L2 phonetics research | conference proceedings

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Flege, J. E., MacKay, I. R. A., & Schirru, C. (2019). Frozen in time: Italian immigrants’
comprehension of their L1. DOI: 10.13140/RG.2.2.17757.46568

Abstract. This study examined the comprehension of Italian by immigrants from central
or southern Italy who had lived in Canada for an average of 38 years. Most “Early”
learners (individuals who arrived in Canada before age 12 years) and some “Late
learners” (who arrived later in life) comprehended standard Italian very well, but other
Late learners did so poorly or not at all. The comprehension test scores obtained for
Late learners were affected little by length of Canadian residence, but increased as a
function of years of schooling in Italy  prior to immigration. Frequency of Italian use in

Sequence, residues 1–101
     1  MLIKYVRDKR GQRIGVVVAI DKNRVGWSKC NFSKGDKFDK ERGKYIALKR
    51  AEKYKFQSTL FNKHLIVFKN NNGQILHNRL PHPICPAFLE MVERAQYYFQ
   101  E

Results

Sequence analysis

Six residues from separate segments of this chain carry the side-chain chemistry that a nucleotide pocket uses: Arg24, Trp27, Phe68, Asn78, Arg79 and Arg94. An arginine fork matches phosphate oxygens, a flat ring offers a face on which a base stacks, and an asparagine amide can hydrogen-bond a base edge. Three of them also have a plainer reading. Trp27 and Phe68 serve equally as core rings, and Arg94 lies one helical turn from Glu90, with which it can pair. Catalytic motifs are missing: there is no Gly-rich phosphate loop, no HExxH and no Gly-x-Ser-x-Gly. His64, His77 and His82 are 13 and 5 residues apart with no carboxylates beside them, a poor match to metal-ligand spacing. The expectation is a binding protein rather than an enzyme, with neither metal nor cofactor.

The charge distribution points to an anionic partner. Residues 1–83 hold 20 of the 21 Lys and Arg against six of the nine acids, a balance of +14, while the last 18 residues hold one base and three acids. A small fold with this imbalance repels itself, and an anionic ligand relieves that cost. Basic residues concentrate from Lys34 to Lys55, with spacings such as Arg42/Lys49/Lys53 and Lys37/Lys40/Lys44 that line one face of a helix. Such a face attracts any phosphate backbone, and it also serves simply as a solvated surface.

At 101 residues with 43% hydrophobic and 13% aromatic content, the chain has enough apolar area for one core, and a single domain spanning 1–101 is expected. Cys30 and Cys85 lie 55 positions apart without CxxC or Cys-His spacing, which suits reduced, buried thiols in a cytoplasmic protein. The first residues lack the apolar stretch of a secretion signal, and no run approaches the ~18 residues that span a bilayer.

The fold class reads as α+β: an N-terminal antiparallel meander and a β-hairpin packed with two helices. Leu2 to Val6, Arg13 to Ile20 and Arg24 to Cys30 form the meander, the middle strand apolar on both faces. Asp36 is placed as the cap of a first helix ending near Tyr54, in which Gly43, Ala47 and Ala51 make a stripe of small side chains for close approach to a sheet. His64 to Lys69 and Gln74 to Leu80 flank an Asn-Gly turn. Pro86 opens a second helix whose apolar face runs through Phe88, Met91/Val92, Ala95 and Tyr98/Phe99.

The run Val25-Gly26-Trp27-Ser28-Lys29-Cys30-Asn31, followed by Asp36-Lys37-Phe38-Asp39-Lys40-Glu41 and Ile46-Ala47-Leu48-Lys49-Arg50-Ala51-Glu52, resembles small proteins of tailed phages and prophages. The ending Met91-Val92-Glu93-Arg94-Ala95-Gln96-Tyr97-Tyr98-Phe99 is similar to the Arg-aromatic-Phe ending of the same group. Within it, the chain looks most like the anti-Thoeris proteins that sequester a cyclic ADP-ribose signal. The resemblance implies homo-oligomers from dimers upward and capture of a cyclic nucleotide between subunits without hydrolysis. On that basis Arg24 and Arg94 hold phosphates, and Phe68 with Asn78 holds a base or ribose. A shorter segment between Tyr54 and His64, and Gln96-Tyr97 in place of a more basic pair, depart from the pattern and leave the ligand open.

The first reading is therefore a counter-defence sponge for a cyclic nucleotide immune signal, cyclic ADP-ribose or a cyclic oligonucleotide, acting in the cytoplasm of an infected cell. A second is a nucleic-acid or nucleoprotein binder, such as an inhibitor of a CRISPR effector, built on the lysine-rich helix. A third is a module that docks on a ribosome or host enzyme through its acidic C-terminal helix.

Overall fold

Canada also predicted comprehension test  scores but, surprisingly, the relation was
inverse: the more frequently our participants reported using Italian, the more poorly
they comprehended standard Italian.

All of the Italians recruited for this study spoke English, and for many English had
become their primary language due to the fact that the Italian-speaking community in
Ottawa is small. It appears that most Early learners and some Late learners had also
learned standard Italian, or an Italian
lingua franca approximating standard Italian, as a
second dialect (D2) after arriving in Canada. Other Late learners may have obtained
low scores because they did not learn a D2. This we attribute to their speaking Italian in
Canada primarily with persons who spoke the same (non-standard) form of Italian they
had learned as young children prior to arriving in Canada. At the end of this
presentation we outline further tests that might be administered to a subset of the Italo-
Canadians already tested to confirm or disconfirm this interpretation of the results.
 

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